Engine Mounts and NACA Scoops

I’ve been watching the price of the engine mount rubbers for the past few months, and the trend seems alarming. In the 2008 Vans Accessory catalog, they were $40 per lug (for a total of $160). Today Vans sells them for $125 per lug, or $500 plus shipping! Yikes! I was surprised to see the cost go up so quickly. I was looking for some way to spend less, and eventually found that Jeppesen of all places sold them. Their price was well below anything else that I could find, at $88 per lug. My only explanation for this was that their price was outdated, but who knows. I was glad to save so much money. Here’s the data from the box:

Lord J-7402-24

Lord J-7402-24 Engine Mounts


Nobody seems to know how long the bolts need to be for attaching the mounts to the engine. I don’t really understand the mystery- the mounts have a center tube that gets compressed to the washers on either side. Now that I have them on hand I can measure the length of that tube and the end washers to come up with a grip length for the bolts. Here are some pictures of my measurements, in case you find yourself wondering how long the bolts should be.
Measuring

This was just the uncompressed length, not very useful.

Washer Thickness

Here's the thickness of the end washer. It's just a little bit more than .1 inch


Measuring Again

Here's another somewhat useless measurement- the uncompressed gap between the two big pieces.


Here's the uncompressed length of the pair


Rubber Engine Mount Thickness

Here's a much more useful measurement- the thickness of the assembly once it is compressed.


Thickness of Engine Ear

This is the measurement that I took of the thickness of the engine mounting ear on the engine. This one isn't especially accurate, but is pretty close.


For the purpose of ordering bolts, my measurements aren’t especially accurate, since the bolts generally come in 1/16″ increments. I figured that the compressed rubber was 2.03″ and the engine lug was .93″. This makes the required grip length for the -7 bolts 2.96, not counting for any washers (and I’ll need at least one of those at 1/16″). The AN7-34 is 2 15/16″ (2.9375″), so I ordered the 7-35 with it’s 3 1/16″ grip length. That will allow for a washer or two but will keep the bolt’s threads out of the way.

With that bit of research done, I started working on the air intakes that will go on the sides of the boot cowl. These will provide fresh air for the front seats through an eyeball wemac type of vent on the instrument panel. I got the scoops from Vans, their part SV-1 at $6.25 each.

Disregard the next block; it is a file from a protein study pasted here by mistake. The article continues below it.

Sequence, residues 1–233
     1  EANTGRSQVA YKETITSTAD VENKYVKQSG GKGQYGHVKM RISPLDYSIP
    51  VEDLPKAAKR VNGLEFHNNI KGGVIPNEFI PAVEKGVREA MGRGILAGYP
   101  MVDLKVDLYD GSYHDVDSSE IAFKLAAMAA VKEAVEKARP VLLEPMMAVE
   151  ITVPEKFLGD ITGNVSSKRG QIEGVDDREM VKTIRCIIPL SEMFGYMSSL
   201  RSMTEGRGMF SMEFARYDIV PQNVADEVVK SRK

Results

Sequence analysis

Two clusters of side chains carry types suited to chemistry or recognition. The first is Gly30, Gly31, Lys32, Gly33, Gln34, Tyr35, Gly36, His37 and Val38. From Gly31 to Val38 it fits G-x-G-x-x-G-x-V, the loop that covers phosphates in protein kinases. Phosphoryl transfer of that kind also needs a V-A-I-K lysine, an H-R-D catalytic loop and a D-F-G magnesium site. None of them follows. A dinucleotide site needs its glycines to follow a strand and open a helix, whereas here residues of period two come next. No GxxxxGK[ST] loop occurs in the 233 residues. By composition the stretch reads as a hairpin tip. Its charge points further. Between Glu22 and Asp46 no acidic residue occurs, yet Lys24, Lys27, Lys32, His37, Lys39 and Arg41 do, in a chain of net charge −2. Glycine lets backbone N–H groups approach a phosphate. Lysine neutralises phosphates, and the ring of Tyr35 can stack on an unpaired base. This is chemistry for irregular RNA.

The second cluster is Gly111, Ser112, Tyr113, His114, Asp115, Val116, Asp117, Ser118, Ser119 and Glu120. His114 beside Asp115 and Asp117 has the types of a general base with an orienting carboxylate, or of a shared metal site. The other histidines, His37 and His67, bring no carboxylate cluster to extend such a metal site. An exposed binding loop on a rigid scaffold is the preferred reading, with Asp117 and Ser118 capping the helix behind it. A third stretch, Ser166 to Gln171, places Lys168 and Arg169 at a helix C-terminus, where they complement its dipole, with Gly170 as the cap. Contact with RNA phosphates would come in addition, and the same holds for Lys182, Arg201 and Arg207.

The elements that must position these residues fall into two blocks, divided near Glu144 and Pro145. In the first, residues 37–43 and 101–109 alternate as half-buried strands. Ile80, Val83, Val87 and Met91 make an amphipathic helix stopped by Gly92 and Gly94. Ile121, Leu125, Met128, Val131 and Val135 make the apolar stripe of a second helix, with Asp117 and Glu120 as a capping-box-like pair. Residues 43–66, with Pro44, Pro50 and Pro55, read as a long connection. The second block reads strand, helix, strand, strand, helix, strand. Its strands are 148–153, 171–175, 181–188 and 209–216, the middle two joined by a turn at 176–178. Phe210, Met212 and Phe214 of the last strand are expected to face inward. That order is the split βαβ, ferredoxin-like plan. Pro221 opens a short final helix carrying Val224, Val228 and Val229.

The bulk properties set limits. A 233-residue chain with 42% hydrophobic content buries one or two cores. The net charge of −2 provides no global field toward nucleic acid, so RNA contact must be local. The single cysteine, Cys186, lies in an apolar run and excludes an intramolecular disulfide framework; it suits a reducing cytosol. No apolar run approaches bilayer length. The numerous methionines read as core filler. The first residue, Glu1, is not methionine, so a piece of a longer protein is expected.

Vans NACA Scoop

Here's one of the scoops from Vans, along with a cardboard template that I made for marking the aluminum skin.


I wanted to make an aluminum backup ring so that the plastic part would be sandwiched between two layers of aluminum. The cardboard template made that step easy.
Aluminum Backup Ring

Here are the two rings and a nice view of the back of the SV-1


I drew a few lines on the boot cowl to try and figure out where I wanted to put the vent. My primary goals were to make the centerline of the intake horizontal in level flight, and to keep the intake lower than the outlet inside, so that water would be more likely to drain out if we were flying in the rain. I’m curious to see if this works. Note from the future! This vent installation is wrong. The hole is cut to the wrong shape- the aft portion of the vent should be straight across, not rounded.
Boot Cowl Layout

Here's the mark on the boot cowl sheet for where the vent will go. I almost oriented the vent backwards! This is the right side of the airplane, with the nose facing right.


Boot Cowl Vent Intake Location

Here's a more wide-angle view of where the vent will go.


vent on flat skin

Here's the boot cowl skin flattened out and ready for cutting the hole.


Ready to dimple

Now I just need to dimple the skin, countersink the plastic, and put everything aside until I'm ready to permanently attach the intake.


See note above- this is wrong. The aft side of the hole should be a straight line. I didn’t realize this until I was looking at Patrick’s RV in November 2010.

I got to the point of dimpling the holes for the first side and had to quit for the day.

Posted on
Hours Logged This Session: 4
Total Hours: 1883.75